Networks for Grid Applications. Third International ICST Conference, GridNets 2009, Athens, Greece, September 8-9, 2009, Revised Selected Papers

Research Article

Percolation-Based Replica Discovery in Peer-to-Peer Grid Infrastructures

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  • @INPROCEEDINGS{10.1007/978-3-642-11733-6_6,
        author={Francesco Palmieri},
        title={Percolation-Based Replica Discovery in Peer-to-Peer Grid Infrastructures},
        proceedings={Networks for Grid Applications. Third International ICST Conference, GridNets 2009, Athens, Greece, September 8-9, 2009, Revised Selected Papers},
        proceedings_a={GRIDNETS},
        year={2012},
        month={6},
        keywords={P2P Grids content search percolation},
        doi={10.1007/978-3-642-11733-6_6}
    }
    
  • Francesco Palmieri
    Year: 2012
    Percolation-Based Replica Discovery in Peer-to-Peer Grid Infrastructures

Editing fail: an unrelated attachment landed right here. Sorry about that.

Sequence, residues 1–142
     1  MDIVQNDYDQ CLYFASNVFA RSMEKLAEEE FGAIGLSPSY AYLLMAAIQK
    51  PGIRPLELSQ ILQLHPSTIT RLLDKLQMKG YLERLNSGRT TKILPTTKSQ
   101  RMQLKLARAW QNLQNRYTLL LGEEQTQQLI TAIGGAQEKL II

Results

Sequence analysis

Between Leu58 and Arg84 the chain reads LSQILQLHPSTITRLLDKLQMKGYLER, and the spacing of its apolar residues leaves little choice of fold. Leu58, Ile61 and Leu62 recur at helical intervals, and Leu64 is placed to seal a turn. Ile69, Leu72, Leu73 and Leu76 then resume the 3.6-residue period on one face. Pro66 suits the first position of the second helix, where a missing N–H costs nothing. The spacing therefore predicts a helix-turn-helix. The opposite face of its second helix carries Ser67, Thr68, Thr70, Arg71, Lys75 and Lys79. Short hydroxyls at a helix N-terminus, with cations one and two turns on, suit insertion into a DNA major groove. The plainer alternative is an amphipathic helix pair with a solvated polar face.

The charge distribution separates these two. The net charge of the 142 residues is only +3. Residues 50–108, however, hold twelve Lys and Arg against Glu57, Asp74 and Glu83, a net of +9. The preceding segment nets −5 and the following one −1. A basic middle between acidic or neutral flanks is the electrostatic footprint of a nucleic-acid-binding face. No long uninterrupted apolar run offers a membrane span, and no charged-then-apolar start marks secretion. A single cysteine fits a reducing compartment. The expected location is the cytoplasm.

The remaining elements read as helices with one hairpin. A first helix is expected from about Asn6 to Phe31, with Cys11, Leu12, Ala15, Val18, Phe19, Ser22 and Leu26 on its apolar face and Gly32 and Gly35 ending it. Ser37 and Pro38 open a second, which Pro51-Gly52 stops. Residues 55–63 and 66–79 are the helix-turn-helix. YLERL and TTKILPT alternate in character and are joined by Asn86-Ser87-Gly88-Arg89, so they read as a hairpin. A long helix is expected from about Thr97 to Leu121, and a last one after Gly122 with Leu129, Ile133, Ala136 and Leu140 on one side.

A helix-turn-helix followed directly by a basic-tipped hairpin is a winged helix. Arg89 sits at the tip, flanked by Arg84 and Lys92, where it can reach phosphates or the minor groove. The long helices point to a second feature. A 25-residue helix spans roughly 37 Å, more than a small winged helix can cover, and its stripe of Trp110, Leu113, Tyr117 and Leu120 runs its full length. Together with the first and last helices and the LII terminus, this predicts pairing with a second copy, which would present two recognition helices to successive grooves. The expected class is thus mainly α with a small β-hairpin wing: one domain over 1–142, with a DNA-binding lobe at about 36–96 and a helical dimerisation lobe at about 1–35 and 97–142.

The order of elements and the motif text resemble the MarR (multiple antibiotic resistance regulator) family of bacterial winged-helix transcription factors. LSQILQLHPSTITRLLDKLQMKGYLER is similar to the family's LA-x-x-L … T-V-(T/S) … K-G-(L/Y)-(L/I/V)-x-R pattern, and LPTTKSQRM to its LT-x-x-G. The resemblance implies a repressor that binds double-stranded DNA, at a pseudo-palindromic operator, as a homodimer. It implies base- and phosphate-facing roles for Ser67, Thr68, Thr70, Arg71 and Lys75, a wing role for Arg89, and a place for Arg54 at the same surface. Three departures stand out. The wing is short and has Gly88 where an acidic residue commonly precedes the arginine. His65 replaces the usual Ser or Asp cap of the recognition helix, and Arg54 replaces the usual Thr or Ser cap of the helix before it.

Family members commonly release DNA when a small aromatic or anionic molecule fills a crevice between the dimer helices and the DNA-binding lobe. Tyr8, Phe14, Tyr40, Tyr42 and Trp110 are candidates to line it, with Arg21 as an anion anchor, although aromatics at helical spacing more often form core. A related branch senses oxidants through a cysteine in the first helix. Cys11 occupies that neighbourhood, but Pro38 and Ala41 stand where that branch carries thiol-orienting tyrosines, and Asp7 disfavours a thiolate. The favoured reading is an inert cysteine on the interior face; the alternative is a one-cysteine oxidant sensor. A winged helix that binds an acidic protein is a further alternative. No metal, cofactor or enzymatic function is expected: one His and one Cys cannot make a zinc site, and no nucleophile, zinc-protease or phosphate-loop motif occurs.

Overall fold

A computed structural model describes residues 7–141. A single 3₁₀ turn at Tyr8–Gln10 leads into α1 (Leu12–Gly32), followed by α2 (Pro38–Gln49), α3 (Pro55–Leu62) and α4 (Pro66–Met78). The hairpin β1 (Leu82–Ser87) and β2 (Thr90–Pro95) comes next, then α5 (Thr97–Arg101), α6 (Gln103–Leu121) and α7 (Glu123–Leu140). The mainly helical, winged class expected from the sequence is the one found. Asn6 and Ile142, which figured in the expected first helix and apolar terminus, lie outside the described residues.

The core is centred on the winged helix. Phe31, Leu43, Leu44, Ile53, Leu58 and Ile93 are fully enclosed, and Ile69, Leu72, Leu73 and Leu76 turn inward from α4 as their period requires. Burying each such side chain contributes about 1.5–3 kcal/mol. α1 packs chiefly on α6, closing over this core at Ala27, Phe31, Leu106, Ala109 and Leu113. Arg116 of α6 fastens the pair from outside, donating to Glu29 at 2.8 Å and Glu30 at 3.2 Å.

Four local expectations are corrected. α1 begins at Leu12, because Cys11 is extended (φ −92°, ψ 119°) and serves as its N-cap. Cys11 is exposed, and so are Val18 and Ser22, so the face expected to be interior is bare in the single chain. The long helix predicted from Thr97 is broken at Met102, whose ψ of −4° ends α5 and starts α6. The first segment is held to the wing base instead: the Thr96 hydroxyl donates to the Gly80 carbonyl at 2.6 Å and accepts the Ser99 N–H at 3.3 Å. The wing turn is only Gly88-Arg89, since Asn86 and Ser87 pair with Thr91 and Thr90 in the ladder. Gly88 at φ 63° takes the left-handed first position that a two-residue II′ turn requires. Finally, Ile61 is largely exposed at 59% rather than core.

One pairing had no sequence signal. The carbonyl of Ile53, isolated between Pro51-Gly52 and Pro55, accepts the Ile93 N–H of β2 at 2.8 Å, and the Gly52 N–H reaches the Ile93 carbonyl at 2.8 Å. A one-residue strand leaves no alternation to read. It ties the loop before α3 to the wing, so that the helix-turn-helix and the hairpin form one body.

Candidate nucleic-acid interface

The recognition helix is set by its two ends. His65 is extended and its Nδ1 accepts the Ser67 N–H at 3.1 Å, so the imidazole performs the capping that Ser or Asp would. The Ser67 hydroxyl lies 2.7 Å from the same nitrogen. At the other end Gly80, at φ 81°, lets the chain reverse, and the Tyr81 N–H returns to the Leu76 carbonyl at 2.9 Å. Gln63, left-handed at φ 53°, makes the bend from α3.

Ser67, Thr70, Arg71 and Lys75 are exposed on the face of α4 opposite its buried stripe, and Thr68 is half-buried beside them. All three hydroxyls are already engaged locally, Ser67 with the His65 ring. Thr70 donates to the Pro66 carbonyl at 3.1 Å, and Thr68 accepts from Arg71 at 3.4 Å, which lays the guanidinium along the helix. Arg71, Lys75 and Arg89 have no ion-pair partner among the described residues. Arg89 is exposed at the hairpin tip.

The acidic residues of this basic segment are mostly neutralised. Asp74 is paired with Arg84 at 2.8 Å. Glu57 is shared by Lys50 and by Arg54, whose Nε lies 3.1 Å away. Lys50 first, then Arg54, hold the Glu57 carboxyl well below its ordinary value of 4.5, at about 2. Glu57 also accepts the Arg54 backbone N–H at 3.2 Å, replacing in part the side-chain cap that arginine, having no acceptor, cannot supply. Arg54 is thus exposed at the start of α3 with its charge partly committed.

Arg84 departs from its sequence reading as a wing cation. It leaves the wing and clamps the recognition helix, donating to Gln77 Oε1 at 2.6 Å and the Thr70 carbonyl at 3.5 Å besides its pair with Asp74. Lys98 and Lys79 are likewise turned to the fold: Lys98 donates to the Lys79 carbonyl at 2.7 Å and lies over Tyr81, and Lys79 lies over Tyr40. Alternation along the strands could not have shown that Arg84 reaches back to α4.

GRIDNETS
    Springer
    DOI: 10.1007/978-3-642-11733-6_6
Francesco Palmieri1,*
  • 1: Federico II University of Napoli
*Contact email: francesco.palmieri@unina.it

Abstract

Peer-to-peer Grids are collaborative distributed computing/data processing systems, characterized by large scale, heterogeneity, lack of central control, unreliable components and frequent dynamic changes in both topology and configuration. In such systems, it is desirable to maintain and make widely accessible timely and up-to-date information about shared resources available to the active participants. Accordingly we introduce a scalable searching framework for locating and retrieving dataset replica information in random unstructured peer-to-peer Grids built on the Internet, based on a widely known uniform caching and searching algorithm. Such algorithm is based on bond percolation, a mathematical phase transition model well suited for random walk searches in random power law networks, which automatically shields low connectivity nodes from traffic and reduces total traffic to scale sub-linearly with network size. The proposed schema is able to find the requested information reliably end efficiently, even if every node in the network starts with a unique different set of contents as a shared resources.